(at around 27 mins) The 'Pool Party '66' snuff film in Sinister was extremely difficult to film according to C. Robert Cargill. The actors/actresses who played the doomed family were tied down to lawn chairs and pulled underwater in reality, and the filmmakers had to be extremely careful that nobody was harmed while filming the scene took place. Further complications occurred while filming the killer underwater; Nicholas King (Bughuul) had to wear weights and stay underwater for several seconds while he was filmed. Since the scene was filmed entirely on super 8 film, care had to be taken to ensure that the camera was properly rolling and that the cartridge and light meter were working, otherwise the scene would have to be re-shot numerous times.
According to co-writer C. Robert Cargill, Bughuul "Mr. Boogie" was originally intended to look more like Willy Wonka (the version played by Johnny Depp). After going over this idea, it was decided that the deity looking like Willy Wonka would be "too silly for the film and not scary or mysterious enough". Finally a photo was found on Google Images that Cargill bought the rights to, and this was the basis for the final Bughuul as seen in the finished film.
The family that was hanged on a tree were all played by stuntmen, however when the scene was first done the stunt coordinator botched the preparations for the scene resulting in the actors being legitimately hanged and choked. Fortunately they survived, and the coordinator was fired soon after
Ethan Hawke had never seen the super 8 snuff films prior to the date of recording Sinister. When the scene where his character watches the snuff films was ready to be recorded, the soundtrack was matched up with the films and Hawke played out his role. His reactions to the films were recorded for Sinister and used in the final film.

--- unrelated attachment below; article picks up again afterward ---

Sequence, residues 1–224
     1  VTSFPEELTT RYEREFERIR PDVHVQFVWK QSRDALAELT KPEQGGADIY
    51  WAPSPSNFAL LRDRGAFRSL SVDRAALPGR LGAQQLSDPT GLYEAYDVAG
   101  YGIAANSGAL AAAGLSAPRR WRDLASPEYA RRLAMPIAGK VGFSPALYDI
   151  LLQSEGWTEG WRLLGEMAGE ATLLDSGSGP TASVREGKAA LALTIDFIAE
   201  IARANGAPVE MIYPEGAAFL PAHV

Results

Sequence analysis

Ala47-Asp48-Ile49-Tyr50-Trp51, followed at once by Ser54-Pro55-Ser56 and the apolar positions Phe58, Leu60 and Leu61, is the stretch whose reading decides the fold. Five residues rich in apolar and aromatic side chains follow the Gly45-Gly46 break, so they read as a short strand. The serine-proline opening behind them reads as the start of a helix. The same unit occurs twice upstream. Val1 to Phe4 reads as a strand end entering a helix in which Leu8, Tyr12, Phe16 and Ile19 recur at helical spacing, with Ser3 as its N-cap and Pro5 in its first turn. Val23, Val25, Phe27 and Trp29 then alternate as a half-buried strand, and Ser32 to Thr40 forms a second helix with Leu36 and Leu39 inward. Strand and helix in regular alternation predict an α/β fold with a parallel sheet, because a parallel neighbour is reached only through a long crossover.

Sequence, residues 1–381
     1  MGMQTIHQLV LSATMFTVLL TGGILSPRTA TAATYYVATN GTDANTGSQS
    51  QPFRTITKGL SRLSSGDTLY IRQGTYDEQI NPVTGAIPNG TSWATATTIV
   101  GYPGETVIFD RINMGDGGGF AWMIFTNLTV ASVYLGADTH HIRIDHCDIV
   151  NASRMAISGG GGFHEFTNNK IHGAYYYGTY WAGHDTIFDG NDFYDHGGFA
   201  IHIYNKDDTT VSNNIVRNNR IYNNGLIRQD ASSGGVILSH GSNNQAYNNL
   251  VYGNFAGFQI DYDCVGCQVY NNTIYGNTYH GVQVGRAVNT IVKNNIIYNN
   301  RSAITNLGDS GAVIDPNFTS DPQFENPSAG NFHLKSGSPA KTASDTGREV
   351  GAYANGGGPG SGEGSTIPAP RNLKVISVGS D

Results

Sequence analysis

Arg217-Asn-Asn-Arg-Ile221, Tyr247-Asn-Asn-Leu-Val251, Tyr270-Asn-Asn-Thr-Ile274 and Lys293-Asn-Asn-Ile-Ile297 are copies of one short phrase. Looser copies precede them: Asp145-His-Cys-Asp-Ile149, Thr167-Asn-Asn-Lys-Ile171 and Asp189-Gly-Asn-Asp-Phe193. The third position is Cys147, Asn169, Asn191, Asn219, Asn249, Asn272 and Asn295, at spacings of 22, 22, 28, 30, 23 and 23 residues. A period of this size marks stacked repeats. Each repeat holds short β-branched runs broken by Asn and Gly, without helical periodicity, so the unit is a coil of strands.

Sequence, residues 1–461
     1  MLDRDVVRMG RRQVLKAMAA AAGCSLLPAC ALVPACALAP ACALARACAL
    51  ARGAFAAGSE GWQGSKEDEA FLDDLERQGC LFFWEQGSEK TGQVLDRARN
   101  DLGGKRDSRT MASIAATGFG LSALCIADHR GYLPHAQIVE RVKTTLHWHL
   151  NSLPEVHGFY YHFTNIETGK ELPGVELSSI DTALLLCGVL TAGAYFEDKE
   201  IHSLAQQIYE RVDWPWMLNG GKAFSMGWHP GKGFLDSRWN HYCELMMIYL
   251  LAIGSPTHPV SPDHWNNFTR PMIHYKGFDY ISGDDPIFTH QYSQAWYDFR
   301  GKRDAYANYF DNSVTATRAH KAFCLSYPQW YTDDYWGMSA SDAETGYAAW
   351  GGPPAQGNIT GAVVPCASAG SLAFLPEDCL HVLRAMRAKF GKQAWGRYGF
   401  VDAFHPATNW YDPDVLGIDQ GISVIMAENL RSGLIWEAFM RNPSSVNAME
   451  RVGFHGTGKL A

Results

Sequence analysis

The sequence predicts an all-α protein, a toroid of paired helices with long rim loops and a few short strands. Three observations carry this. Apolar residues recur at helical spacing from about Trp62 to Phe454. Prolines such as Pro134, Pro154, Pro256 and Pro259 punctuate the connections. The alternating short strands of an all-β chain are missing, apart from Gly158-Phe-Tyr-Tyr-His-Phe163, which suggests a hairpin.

The makers of Sinister scoured the Internet for weeks looking for the most obscure and creepy soundtrack they could find. While Christopher Young composed a large number of the background scores for the movie, C. Robert Cargill bought the rights to music by Ulver, JudgeHydrogen and Boards of Canada to use in the snuff film clips because of their mysterious and eerie noises. Christopher Young's soundtrack is available on CD, but the CD doesn't include the additional songs by other bands and has yet to be released on vinyl or as MP3s.
(at around 42 mins) The snake that is seen in the movie is a King snake. You can identify him as the non-venomous snake by doing the rhyme, "Red on yellow, dangerous fellow. Red on black, friend of Jack."
The bright colors in the super 8 home movies come from Eastman Kodak's Kodachrome (the K-14 process used is known for its vivid reproductions of reds, yellows, blues and greens). The same year that Sinister was released - 2012 - Kodachrome was discontinued and the K-14 film process became obsolete due to the market for digital cameras and Kodak's near-bankruptcy.